Students present senate with their concerns about the future of anthropology

The Anthropology Society  asks the University for more updates and transparency in regard to the suspension

The senate meeting began with the announcement that neither senate chair Robert Campbell nor vice-chair Jeff Ollerhead were able to attend. Dean of science Amanda Cockshutt was elected temporary chair and senate proceeded as usual.

After all regular senate business had been addressed, fourth-year anthropology student and co-president of Mount Allison’s Anthropology Society, Shae Vlaar, read an open letter to the senate about the future of the anthropology program.

Vlaar began by saying that “the past year [had] been extremely stressful for students in the program.” She then outlined why anthropology is unique and valuable as a discipline, citing critical skills, a high standard of ethics and introducing students to conceptual tools such as cultural relativism, intersection among marginalities and rites of passage as a few.

Addressing the idea that anthropology should be cut in favour of an Indigenous studies program because of its colonial roots, Vlaar said, “Anthropology, like every other discipline in the western tradition, has a colonial past. However, this is not something we can tuck away and forget about by removing it from the curriculum – it is something we need to work through as part of the University’s commitment to Indigenization.” Vlaar defended the introductory anthropology course, saying, “All students benefit from developing an appreciation for and understanding of decolonization and cultural diversity, which are not addressed by any other discipline at the University.”

Vlaar then stated the society’s proposal: “We want the uncertainty about the future of anthropology at Mount Allison lifted by, at the very least, having introductory anthropology reinstated for the forthcoming academic year.” She said that even if the program is not maintained in its present form they would like to have a selection of Indigenous-related anthropology courses to take as distribution credits since “failure to offer this may cause students seeking to study courses of anthropology at Mount Allison to pursue their studies elsewhere.”

Vlaar also spoke to the way the University handled the anthropology program’s suspension, saying the program had high enrolment and “the way the process has been handled has been problematic. Students were not provided with a clear answer as to why the program was under review.” Vlaar closed by saying that the society hopes their suggestions and opinions will be taken into consideration during the next discussion of the program’s future.

Other members of the society echoed the desire for clearer communication around the program’s suspension and fate. The University has made no clear statements as to whether the program will be reinstated or not.

Majoring and minoring in the program was suspended last year, and although it was said that the suspension would not affect current students’ ability to finish their anthropology degree, Vlaar and the other students said it has. They described anxiety and undue burden, particularly for members of the society, who said they often field questions from incoming and prospective students about what is going on but have no answers to give, something they said reflects badly on both them and the University.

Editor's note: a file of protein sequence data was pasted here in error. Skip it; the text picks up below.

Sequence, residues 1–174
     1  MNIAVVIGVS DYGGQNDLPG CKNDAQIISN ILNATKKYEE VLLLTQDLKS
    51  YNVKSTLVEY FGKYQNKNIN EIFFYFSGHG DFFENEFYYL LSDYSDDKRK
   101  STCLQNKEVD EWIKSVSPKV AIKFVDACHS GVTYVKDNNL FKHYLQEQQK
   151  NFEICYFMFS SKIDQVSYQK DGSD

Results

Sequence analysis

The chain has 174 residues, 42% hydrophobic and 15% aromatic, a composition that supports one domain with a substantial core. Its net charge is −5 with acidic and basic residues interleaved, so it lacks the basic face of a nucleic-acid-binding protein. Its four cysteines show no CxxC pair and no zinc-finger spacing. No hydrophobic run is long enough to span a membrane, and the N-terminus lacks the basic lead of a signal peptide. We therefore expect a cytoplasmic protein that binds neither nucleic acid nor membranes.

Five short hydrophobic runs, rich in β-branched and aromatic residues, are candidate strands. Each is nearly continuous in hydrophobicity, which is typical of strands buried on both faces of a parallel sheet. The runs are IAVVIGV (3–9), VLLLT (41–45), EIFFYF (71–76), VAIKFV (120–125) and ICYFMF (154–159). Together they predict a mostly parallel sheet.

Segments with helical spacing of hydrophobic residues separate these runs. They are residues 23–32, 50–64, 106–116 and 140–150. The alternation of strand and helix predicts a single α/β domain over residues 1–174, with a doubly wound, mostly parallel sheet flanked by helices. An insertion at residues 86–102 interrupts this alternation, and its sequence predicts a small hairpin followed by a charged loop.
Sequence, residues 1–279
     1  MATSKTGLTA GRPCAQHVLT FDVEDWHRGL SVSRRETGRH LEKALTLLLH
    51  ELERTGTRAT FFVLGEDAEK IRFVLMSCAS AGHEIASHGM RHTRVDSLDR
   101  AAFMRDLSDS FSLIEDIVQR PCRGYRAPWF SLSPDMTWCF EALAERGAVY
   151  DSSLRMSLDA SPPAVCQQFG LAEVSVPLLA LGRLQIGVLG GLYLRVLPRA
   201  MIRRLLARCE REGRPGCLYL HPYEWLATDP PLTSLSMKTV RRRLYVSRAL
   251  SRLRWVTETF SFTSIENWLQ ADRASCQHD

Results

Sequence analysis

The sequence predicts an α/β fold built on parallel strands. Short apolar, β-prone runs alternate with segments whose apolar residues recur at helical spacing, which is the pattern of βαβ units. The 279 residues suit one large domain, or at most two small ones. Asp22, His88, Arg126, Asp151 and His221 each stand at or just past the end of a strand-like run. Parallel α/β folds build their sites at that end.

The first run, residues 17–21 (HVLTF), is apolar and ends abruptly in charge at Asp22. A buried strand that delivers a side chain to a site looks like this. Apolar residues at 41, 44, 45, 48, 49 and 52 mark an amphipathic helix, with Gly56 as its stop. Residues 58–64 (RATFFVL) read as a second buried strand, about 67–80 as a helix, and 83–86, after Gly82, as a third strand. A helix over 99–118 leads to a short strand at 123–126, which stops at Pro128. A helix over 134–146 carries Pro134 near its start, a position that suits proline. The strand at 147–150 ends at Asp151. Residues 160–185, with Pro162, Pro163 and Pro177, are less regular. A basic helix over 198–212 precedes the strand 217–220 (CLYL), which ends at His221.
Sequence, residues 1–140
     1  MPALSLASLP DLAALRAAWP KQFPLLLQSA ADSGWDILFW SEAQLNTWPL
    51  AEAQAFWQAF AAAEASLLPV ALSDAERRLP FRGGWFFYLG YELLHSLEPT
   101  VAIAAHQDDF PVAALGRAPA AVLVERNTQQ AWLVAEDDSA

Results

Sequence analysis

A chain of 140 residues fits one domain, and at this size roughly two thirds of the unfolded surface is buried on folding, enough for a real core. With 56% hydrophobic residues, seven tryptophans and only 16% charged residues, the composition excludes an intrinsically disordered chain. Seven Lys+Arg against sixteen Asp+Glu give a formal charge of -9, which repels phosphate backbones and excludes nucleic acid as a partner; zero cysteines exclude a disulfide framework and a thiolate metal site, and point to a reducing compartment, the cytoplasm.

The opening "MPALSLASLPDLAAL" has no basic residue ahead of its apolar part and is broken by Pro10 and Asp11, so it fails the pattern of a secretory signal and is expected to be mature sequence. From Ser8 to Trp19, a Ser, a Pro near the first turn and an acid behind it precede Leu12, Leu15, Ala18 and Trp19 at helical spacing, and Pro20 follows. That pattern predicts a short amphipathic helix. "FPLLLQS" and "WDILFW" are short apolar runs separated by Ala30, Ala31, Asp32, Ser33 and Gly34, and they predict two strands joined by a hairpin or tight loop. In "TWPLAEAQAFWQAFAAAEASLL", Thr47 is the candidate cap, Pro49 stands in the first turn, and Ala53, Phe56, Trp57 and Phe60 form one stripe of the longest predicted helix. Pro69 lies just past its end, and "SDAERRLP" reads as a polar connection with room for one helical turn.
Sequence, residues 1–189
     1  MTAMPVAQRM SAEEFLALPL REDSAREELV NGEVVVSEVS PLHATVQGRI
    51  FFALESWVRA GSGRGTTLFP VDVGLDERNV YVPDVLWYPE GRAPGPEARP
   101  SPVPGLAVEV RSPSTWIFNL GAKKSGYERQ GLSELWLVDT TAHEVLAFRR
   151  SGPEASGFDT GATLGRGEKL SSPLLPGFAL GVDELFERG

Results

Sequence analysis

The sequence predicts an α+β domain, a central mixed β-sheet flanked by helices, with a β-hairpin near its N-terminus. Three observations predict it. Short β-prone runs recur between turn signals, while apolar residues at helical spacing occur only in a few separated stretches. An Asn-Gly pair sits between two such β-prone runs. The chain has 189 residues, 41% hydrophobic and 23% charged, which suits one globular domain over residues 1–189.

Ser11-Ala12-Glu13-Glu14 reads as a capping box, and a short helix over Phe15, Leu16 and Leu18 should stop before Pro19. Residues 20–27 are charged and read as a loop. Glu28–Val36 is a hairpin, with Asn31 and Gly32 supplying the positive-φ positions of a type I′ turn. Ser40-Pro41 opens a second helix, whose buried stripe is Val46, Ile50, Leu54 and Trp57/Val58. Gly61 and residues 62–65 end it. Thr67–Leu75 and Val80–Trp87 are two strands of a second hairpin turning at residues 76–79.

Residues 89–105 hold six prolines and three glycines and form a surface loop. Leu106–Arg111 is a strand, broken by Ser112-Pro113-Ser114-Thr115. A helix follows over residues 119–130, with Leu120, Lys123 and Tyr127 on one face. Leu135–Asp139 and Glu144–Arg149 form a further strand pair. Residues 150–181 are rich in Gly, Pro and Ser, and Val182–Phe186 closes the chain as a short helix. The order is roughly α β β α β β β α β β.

James Devine, head of the politics and international relations department, thanked the students for their words. Devine said that the University has failed to treat the issue of needing to make Indigenous hires and needing to address the anthropology discipline’s problematic history as separate issues. Devine said the two problems should both be addressed and should not be treated as mutually exclusive: “We don’t need to see one program being implemented at the cost of another.” Devine closed by saying that the senate will be meeting again to discuss these issues in October and those present should not forget what was said here today.

Loralea Michaelis, faculty representative and associate professor of politics and international relations, suggested that the provost and University Planning Committee prepare a formal response to the concerned students, preferably before October of the next academic year.

Michaelis criticised the way the University handled the suspension, saying that, although a motion to shut down the program was never passed in senate, by preventing any new majors or minors the University is unjustly assuring that the program will die out within the next few years.

Michaelis then made a formal request to the Agenda Committee to add this issue to the agenda of the joint meeting of the faculty council and senate next month. Michaelis also motioned that Ollerhead, as absent chair of the University Planning Committee, prepare a formal response for the meeting and that the Anthropology Society be asked back as they did not have the opportunity to speak directly to him or University President Campbell at this meeting. Her motions were passed.

This discussion will be continued on April 3 at 4 p.m. in the James Dunn Building’s Wu Centre.

Maia Herriot
Maia Herriot is a third-year English major and a second-year news editor. Originally from Regina SK, she came to Sackville to escape landlocked small towns with vaguely suggestive names.